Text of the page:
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Service charge 'enforceable because tenant waived invalidity'
A landlord has won its appeal over the validity of service charges even though it was late in giving notice.
The court held that it was enforceable because the tenant had “waived the invalidity”.
The case involved Southwark Council and one of its tenants. At the beginning of each financial year the landlord had to make an estimate of the service charge that would be payable and notify tenants.
One of the tenants claimed that the notices were invalid because they were given late.
The First-tier Tribunal found in her favour. It held that one of the notices was late and another was invalid because it had a confusing format.
The Upper Tribunal has now overturned that decision. It held that there was nothing confusing about the notices and they could not be declared invalid for that reason. There was an issue with the notice that was served late, however, the tenant had waived the invalidity by her subsequent actions.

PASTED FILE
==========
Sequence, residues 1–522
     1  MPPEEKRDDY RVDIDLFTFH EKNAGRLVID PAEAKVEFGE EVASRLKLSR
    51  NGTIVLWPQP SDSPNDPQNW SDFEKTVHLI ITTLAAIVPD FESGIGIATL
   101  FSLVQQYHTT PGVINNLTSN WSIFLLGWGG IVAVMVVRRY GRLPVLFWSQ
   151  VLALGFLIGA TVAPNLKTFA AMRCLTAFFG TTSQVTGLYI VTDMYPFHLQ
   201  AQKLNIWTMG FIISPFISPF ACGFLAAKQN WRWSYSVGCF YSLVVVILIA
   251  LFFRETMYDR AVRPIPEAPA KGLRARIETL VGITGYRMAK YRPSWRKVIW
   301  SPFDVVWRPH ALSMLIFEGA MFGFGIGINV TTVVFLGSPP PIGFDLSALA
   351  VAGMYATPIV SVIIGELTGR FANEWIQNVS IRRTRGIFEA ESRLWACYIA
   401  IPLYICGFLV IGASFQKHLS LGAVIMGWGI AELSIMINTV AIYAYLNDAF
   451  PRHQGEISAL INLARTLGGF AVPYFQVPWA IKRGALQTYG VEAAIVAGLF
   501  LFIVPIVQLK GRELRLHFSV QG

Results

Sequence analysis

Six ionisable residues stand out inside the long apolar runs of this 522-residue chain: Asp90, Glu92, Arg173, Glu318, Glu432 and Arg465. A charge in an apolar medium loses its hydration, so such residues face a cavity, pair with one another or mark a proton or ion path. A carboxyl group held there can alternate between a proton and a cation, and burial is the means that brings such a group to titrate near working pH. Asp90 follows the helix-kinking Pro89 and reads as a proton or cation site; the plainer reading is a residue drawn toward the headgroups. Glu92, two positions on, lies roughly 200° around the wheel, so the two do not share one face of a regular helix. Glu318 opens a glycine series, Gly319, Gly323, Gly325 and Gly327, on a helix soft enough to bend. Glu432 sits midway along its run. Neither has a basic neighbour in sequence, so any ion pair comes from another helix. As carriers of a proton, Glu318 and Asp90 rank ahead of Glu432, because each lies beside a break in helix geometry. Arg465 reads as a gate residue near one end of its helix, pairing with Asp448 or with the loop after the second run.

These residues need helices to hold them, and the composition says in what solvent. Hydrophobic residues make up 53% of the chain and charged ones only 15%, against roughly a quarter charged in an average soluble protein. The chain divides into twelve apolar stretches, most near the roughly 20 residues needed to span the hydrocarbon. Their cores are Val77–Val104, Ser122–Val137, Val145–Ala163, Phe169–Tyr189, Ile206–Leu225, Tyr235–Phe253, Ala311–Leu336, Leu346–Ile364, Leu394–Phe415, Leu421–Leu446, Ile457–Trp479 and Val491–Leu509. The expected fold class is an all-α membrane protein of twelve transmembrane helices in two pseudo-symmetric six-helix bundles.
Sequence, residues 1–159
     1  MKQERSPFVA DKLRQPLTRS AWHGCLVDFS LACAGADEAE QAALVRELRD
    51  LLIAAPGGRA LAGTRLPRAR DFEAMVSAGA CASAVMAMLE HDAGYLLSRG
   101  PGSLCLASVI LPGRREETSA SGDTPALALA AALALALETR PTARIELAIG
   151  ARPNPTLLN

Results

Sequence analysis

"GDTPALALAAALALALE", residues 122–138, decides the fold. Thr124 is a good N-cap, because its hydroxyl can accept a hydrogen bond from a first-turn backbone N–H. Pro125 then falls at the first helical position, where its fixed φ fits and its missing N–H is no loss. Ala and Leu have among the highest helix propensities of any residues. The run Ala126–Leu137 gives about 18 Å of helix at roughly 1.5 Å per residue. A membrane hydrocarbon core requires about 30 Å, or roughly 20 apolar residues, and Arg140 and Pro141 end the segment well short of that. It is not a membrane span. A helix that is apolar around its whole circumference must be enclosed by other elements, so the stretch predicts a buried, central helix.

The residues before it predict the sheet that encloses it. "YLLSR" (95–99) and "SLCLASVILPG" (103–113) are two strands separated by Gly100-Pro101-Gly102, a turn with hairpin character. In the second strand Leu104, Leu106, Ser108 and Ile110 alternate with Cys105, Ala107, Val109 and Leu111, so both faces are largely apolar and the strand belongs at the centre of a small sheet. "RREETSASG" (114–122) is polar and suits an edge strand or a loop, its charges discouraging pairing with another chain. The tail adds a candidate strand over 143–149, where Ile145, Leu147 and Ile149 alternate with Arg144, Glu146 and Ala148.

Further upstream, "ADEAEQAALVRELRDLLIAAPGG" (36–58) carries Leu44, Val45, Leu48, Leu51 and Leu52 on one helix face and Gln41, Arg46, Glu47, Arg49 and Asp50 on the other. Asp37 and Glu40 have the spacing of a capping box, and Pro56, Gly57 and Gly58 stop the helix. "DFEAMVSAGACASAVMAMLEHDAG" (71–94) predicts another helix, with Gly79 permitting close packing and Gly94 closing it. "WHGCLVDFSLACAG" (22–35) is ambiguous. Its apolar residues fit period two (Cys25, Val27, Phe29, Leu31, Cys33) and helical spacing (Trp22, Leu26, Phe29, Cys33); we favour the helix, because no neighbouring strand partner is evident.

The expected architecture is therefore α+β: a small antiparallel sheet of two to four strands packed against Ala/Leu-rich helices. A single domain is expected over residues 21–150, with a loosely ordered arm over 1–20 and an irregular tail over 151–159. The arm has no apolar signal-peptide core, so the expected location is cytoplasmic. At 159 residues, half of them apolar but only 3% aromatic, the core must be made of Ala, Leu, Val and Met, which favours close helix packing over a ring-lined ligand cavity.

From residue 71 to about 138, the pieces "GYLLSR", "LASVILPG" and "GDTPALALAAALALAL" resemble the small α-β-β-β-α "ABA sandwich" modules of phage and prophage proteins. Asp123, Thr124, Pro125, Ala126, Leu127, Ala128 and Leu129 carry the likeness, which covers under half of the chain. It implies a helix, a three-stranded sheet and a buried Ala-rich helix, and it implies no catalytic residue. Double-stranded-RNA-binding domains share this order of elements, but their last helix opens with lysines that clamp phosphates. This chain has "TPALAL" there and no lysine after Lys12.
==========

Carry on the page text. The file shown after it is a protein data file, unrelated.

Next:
She had agreed to pay the estimated service charge by giving the local authority a charge over her lease, with payment being deferred until the sale of her property. She did not make it clear that she did not agree that the estimated charge was payable. Her actions amounted to a clear statement of agreement to pay. That was an obvious waiver.
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